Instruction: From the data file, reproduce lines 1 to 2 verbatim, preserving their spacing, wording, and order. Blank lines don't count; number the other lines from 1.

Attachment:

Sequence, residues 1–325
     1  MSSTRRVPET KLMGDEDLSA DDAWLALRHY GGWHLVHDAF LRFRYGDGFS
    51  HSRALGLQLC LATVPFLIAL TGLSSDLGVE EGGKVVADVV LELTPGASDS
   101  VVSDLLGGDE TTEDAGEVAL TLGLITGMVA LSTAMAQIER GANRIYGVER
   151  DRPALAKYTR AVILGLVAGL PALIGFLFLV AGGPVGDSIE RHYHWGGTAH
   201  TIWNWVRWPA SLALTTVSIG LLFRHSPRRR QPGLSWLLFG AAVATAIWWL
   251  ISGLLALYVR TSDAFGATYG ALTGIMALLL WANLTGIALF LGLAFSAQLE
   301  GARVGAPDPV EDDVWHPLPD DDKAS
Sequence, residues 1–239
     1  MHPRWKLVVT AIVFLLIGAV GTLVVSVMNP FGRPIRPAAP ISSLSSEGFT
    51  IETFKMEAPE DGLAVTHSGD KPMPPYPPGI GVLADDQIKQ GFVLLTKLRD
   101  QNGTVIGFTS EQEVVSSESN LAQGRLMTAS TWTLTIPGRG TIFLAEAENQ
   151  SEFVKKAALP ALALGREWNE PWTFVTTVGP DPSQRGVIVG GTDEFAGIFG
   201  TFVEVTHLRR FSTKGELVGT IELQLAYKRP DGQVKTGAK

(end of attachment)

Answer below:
Sequence, residues 1–325
     1  MSSTRRVPET KLMGDEDLSA DDAWLALRHY GGWHLVHDAF LRFRYGDGFS